Saturday, March 2, 2024

My Threatcon Column: George Washington: First In War, And First In Espionage

My latest Threatcon column appears on Counterterrorism magazine’s website.

You can read the column via the below link or the below text:

IACSP - ThreatCon Articles

Major General Henry “Light Horse Harry’ Lee wrote in his eulogy of the late George Washington that the former president and general was “First in war, first in peace, and first in the hearts of his countrymen.” 

George Washington, aka Agent 711, was also first in espionage.       

The CIA’s public website proclaimed Washington as our first spymaster, noting, “Long before General William Donovan recruited spies to advance the American war efforts during World War II as Director of the Office of Strategic Services (OSS), predecessor to the CIA, General George Washington mastered the art of intelligence as Commander of the Continental Army during the Revolutionary War.” 

The CIA stated that Washington was a skilled manager of intelligence. He utilized agents behind enemy lines, recruited both Tory and Patriot sources, interrogated travelers for intelligence information, and launched scores of agents on both intelligence and counterintelligence missions. 

“He was adept at deception operations and tradecraft and was a skilled propagandist. He also practiced sound operational security. Washington fully understood the value of accurate intelligence, employing many of the same techniques later used by the OSS and CIA. 

“Were it not for the use of secret writing, concealment devises, propaganda, and intercepted communications, there may have been a very different outcome to the War of Independence.” 

Joesph C. Goulden, a veteran journalist and author of “The Death Merchant: The Rise and Fall of Edwin P. Wilson,” and “Korea: The Untold Story of the War,” is an acknowledged authority on intelligence and espionage. He offered his take on George Washington as spymaster in a Washington Times piece. 

“One of the more telling — and accurate — statements to emerge from the American Revolution came from a British intelligence officer, Maj. Gen. George Beckwith: “Washington did not really outfight the British, he simply outspied us!”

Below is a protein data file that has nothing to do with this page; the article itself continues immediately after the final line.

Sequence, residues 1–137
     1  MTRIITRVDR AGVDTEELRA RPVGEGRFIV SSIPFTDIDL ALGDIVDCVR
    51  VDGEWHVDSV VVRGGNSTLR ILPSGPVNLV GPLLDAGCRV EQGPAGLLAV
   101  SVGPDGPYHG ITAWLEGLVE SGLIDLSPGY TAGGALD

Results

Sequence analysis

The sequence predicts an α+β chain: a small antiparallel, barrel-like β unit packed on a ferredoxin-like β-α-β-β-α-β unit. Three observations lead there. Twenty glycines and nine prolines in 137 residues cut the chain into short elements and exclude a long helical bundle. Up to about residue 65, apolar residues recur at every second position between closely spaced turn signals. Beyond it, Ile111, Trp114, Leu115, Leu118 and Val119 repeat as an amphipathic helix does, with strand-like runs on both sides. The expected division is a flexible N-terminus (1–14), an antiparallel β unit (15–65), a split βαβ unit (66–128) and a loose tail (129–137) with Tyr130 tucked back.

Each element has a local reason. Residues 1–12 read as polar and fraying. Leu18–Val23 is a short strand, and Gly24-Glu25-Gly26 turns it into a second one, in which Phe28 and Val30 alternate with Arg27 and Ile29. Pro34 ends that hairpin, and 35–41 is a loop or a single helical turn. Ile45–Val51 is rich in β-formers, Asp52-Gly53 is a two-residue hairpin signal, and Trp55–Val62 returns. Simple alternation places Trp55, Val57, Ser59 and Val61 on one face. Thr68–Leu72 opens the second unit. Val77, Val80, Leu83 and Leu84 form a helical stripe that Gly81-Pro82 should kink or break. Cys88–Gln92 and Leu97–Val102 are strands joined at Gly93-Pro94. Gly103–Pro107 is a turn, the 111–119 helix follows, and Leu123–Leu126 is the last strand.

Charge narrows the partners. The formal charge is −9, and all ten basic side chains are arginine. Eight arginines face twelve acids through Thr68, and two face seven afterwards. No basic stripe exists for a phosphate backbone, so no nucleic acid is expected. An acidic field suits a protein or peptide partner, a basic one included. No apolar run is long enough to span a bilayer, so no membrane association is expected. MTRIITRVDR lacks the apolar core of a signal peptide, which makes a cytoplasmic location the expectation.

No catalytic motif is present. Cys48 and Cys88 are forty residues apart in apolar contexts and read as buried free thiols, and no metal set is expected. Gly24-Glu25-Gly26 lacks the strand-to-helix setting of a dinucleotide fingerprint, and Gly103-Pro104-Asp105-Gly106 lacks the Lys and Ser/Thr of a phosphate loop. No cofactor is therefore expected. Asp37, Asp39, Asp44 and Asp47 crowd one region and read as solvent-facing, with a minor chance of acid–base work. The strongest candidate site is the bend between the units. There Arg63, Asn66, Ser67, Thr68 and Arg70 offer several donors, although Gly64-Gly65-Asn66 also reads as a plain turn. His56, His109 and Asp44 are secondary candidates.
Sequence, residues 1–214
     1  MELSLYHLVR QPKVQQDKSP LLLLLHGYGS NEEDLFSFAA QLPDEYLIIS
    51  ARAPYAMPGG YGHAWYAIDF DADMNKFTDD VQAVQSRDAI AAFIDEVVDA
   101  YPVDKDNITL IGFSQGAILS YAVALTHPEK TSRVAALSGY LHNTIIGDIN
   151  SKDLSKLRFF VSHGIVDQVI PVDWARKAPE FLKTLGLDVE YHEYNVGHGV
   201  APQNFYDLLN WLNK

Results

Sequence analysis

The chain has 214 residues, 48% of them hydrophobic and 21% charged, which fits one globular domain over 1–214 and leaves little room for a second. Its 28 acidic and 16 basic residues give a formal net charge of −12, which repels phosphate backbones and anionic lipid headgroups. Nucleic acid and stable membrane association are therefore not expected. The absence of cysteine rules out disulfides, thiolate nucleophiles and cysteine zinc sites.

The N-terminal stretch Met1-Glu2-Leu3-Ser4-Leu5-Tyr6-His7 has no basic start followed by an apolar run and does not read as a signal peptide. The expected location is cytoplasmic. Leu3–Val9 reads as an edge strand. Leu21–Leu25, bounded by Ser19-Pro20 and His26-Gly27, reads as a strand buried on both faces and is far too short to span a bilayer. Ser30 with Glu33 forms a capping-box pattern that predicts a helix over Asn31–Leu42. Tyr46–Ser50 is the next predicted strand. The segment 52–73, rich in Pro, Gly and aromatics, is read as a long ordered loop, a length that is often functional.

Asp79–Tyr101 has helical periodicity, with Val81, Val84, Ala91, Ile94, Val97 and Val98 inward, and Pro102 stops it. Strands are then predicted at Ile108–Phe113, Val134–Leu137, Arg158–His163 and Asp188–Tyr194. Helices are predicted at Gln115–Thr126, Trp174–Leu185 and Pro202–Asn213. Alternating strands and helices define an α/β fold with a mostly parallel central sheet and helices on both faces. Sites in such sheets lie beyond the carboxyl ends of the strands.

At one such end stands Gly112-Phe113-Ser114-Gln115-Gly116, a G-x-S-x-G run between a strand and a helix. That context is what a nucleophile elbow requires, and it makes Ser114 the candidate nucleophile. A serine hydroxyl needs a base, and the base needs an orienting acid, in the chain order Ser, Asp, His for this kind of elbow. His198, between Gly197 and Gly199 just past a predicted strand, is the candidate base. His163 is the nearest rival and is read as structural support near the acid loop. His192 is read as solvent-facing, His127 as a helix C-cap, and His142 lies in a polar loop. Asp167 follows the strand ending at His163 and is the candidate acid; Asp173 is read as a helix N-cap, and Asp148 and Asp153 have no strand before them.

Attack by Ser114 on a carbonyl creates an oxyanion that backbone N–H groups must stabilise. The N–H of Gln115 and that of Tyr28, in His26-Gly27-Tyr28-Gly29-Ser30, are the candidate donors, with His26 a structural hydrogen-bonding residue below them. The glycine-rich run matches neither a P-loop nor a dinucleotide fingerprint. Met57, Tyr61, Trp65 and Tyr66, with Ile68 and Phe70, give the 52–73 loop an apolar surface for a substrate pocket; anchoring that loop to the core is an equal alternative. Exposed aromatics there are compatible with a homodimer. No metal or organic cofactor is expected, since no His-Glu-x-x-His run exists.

The website “George Washington’s Mount Vernon” noted that when history books praise the heroes of the American Revolution, they seldom include names like Agent 711 and John Bolton. 

But perhaps they should.    

“These men were part of the most famous spy ring of the era, the Culper Ring, and their identities were kept secret until well after the war ended,” the website stated. “George Washington – known as Agent 711 in the Culper Spy Ring – is often heralded as a great “spymaster,” and indeed he was. Under Washington’s astute watch, several networks of spies operated in both close-knit circles and far-reaching societies. The undercover agents were merchants, tailors, farmers, and other extraordinary patriots with ordinary day jobs. 

“Much as with modern-day operatives, the members of these networks kept at a distance from one another and maintained secret identities. In some cases, Washington himself didn’t even know the identities of the men who worked together in secret to aid the cause of freedom.”   

The website post went on to note that Washington’s army was under-trained, under-staffed, under-equipped, and under-funded. In order to win, he needed to out-maneuver and outsmart the British. 

“Washington recognized the need for an organized approach to espionage. He knew that spying was a field that was fraught with risk. The stories of men like Nathan Hale, who was captured and later hanged for crossing into British territory to gather information, surely weighed heavily on the General’s shoulders.” 

As the post noted, Washington knew that a larger population of civilians could be called upon to help fight the war.   

In an unclassified CIA historical document, George Washington was called the “First Director of Central Intelligence.” According to the document, he was a key practitioner of military intelligence during the Revolutionary War. 

“General Washington was more deeply involved in intelligence operations than any American general-in-chief until Dwight Eisenhower during World War II,” the historical document noted. “His skills in the “black arts” helped secure key victories, hastened the end of hostilities, and significantly contributed to the United States’ winning its independence from Great Britain.”


Washington recruited and debriefed Tory and Patriot sources, developed espionage networks, interrogated prisoners and travelers, cleverly used deception and propaganda, and practiced sound tradecraft.


He spent more than 10 percent of his military funds on intelligence operations. Washington formed an elite detachment dedicated to tactical reconnaissance that reported directly to him. Washington also oversaw the Culper Ring in New York City and Long Island. (The Culper Ring was dramatized in the TV series “Turn.”)


The historical document stated that in 1778 Gen. Sir Henry Clinton occupied the city, while Washington’s forces were scattered around New York, New Jersey and Connecticut. Washington needed intelligence on Clinton’s forces and intentions, and he ordered Maj. Benjamin Tallmadge to establish an espionage net.

Tallmadge’s operatives practiced sophisticated tradecraft that included code names, cover stories, secret writing, encryption and dead drops.


“Without General Washington’s intelligence-aided victories on the battlefield,” the historical document stated. “There would have been no independence, no United States, no Constitution, and no President Washington.”


Paul Davis, a longtime contributor to the Journal, covers crime, espionage and terrorism in his Threatcon column. 

No comments:

Post a Comment